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University of Newcastle Library guides

Chicago B: Author-Date Style:  Images, art works, maps, tables, etc.

UON Library guide to Chicago B: Author-Date Style 17th edition

Figures, tables, art works, maps, and other images

 

Chicago style uses the terminology 'illustrations' or 'figures' when discussing images presented separately from the run of text in sources. 'Figures' includes the following image types:

  • Charts or Graphs
  • Maps (included in sources, see the separate Maps tab for citing the standalone maps)
  • Paintings, drawings, photographs, or other art works (included in sources, see the separate Art works tab for citing the standalone art works)

Information about standalone maps, paintings, photographs, sculptures, or other works of art can usually be presented in the text rather than in a reference list. If a reference list entry is needed, see the tabs above for Maps and Art works for instructions. 

Note that tables are a separate designation with differing rules. See the Tables tab above for more information.

 

General rules: citing vs using images

 

Citing illustrations

  • When citing (not reprinting) an illustration from a book, article or other sources, cite the source first, then provide the page number where the illustration is located in text citation, preceding the figure number, with a comma between them, e.g. ... (Smith 2019, 123, fig. 3)
  • When citing illustrations, the abbreviation fig. may be used for figure, but table, map, plate, and other illustration forms are spelled out.
  • If the source is available online, add the DOI or URL to the end of the citation.

In-text citation example: 

... (Anderson 2018, fig. 8.1)...

Reference list entry example:

Anderson, Catherine. 2018. Essentials of Linguistics. McMaster University. https://ecampusontario.pressbooks.pub/essentialsoflinguistics/.

 

Using (reprinting or adapting) illustrations

  • Figures and tables taken from other sources require credit lines. A credit line is a brief statement of the source of an illustration. In addition to author, title, publication details, and copyright statement, the credit line should include any page or figure number. A credit line usually appears at the end of a caption of a figure, or in a source note of a table. 
  • Figures and tables must be numbered consecutively in Arabic numerals (1, 2, 3, etc)  in the order in which they appear within the text, i.e. the first figure is labeled "Figure 1", the second "Figure 2", and so on. 
  • Refer to each figure or table in text by their number, e.g. figure 1, table 4, etc.
  • If you are WRITING FOR PUBLICATION (for a journal, conference paper, thesis, website, etc) you must obtain written permission from the copyright owner to include the figure or table in your work, and state the permission in the source citation as 'Reprinted with permission from ...'
  • Copyright holder may be the publisher, author/s, artists or their children, or the museums.
  • While students don't usually require publisher permission to include figures or tables in assignments, you should still include the credit line with copyright statement.
  • If the work being credited is listed in the reference list, only a shortened form needs appear in the credit line.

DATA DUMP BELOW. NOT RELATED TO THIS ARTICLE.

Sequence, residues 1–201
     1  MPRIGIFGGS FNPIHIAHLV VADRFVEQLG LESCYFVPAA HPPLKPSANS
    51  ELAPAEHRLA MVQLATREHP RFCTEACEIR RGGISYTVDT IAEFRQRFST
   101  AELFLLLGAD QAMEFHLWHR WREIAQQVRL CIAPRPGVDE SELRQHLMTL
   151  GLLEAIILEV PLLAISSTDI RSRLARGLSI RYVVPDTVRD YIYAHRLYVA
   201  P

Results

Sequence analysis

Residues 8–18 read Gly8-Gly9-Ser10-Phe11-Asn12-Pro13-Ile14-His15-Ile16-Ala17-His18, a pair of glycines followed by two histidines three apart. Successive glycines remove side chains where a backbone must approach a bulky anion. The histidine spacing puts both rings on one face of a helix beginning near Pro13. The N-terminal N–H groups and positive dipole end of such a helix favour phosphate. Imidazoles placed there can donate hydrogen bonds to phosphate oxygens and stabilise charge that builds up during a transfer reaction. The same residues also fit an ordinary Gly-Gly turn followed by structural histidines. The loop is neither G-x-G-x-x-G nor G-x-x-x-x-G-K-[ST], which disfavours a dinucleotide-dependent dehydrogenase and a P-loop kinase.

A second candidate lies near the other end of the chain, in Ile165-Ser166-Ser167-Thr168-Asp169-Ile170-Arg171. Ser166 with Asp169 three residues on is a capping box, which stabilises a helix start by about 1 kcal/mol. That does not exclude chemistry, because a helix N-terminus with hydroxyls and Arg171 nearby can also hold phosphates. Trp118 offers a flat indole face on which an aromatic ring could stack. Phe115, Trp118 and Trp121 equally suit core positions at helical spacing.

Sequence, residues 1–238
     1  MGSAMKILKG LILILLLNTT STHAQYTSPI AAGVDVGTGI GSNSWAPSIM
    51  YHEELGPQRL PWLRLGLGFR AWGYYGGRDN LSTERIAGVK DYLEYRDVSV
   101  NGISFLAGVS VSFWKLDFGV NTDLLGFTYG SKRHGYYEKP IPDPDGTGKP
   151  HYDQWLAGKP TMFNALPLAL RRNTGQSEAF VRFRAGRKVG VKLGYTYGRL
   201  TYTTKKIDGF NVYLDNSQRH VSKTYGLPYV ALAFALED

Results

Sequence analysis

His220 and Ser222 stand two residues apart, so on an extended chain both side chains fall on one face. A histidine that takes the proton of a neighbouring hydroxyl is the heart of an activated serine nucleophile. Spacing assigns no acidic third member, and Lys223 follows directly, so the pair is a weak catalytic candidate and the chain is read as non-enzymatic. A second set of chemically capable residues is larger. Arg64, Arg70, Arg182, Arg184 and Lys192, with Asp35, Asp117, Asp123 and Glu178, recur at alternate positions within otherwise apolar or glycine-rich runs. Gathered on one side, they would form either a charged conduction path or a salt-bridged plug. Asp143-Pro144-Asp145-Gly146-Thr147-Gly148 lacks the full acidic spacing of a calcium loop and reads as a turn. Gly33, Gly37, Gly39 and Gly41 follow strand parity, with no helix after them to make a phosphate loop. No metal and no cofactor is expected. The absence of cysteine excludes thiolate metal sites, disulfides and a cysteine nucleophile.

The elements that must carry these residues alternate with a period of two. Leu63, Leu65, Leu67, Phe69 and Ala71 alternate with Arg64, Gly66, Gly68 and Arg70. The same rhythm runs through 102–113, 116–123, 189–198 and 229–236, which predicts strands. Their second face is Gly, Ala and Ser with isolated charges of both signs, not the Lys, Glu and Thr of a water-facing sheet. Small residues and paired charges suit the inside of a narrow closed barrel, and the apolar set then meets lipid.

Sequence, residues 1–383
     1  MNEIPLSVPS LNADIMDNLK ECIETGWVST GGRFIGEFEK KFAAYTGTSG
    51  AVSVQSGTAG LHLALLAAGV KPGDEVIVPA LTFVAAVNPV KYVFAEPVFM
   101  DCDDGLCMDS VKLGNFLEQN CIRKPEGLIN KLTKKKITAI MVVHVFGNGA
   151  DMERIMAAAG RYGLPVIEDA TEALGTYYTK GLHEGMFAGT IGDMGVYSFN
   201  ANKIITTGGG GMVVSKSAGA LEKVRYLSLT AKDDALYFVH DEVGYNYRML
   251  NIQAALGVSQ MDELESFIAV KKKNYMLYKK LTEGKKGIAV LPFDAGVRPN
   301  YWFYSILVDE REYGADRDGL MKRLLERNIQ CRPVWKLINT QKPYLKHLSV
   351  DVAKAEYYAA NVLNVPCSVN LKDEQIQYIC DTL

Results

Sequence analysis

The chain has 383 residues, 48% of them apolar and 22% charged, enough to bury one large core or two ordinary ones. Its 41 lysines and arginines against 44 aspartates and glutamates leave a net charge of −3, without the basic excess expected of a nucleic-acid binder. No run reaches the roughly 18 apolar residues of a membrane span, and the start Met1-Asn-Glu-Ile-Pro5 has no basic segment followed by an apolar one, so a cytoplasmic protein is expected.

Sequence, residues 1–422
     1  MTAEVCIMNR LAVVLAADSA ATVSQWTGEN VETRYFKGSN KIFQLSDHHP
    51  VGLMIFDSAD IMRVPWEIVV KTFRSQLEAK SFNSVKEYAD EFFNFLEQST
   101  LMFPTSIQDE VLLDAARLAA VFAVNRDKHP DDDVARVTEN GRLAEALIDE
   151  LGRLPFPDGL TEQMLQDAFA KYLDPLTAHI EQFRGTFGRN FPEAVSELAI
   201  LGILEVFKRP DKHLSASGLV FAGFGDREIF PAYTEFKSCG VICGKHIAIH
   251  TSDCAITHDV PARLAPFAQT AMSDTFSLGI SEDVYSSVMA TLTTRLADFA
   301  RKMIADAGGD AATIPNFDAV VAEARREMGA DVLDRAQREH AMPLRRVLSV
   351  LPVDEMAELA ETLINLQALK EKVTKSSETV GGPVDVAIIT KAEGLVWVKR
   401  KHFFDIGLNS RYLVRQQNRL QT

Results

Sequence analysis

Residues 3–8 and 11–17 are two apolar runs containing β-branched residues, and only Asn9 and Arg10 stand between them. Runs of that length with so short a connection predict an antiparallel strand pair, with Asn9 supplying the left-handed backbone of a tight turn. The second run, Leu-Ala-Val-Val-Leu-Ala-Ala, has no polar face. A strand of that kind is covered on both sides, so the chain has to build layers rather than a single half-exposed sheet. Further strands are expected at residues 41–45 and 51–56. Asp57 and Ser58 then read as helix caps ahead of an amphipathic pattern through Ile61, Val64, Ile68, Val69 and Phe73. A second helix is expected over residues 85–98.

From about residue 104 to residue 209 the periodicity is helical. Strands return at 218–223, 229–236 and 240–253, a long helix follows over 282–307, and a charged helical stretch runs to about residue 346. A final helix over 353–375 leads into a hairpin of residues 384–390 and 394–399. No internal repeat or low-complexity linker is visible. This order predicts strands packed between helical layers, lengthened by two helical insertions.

Citing Figures

 

Note: Figures taken from other sources require source citations and credit lines. See the Using Figures taken from other sources below for more details.

When citing (not reprinting) a figure from a book, article or other sources, cite the source as usual and add the page number and figure number in the text citation.  

The following is the general format of a reference to a figure in a book. If the source is available online, add the DOI or URL to the end of the citation.

 

In-text citation: format and example

... (Author's Last Name Year of Publication, Page no, Figure No) ...

... (Anderson 2018, fig. 8.1)...

 

Reference list entry: format and example

First Author's Last Names, First Name, Other Author's First and Last Names. Year. Book Title: Subtitle. Edition. Place of Publication: Publisher. DOI or URL.

Anderson, Catherine. 2018. Essentials of Linguistics. McMaster University. https://ecampusontario.pressbooks.pub/essentialsoflinguistics/.

 

 

Using figures taken from other sources

 

If you are including a figure from another source in your assignment, you need provide the source citation and credit lines with the figure. If the work being credited is listed in the reference list, only a shortened form needs appear in the credit line, e.g. Reprinted from Doyle and McCutcheon (2015, chap. 1.4).

  • Copy the figure exactly as found in the original source, unless you need to adapt it.
  • Number figures consecutively in Arabic numerals (1, 2, 3, etc) as they appear in your assignment
  • Acknowledge the original source following the caption directly underneath the figure.
  • Captions should be capitalized in sentence style
  • In addition to author, title, publication details, and copyright date by copyright holder, the credit line should include any page or figure number.
  • Copyright holder may be the publisher or the author/s
  • While students don't usually require publisher permission to include figures in assignments, you should still include the copyright statement.

The following is an example of reprinting a figure from a book. For reusing figures from other sources, follow the citation pattern for that source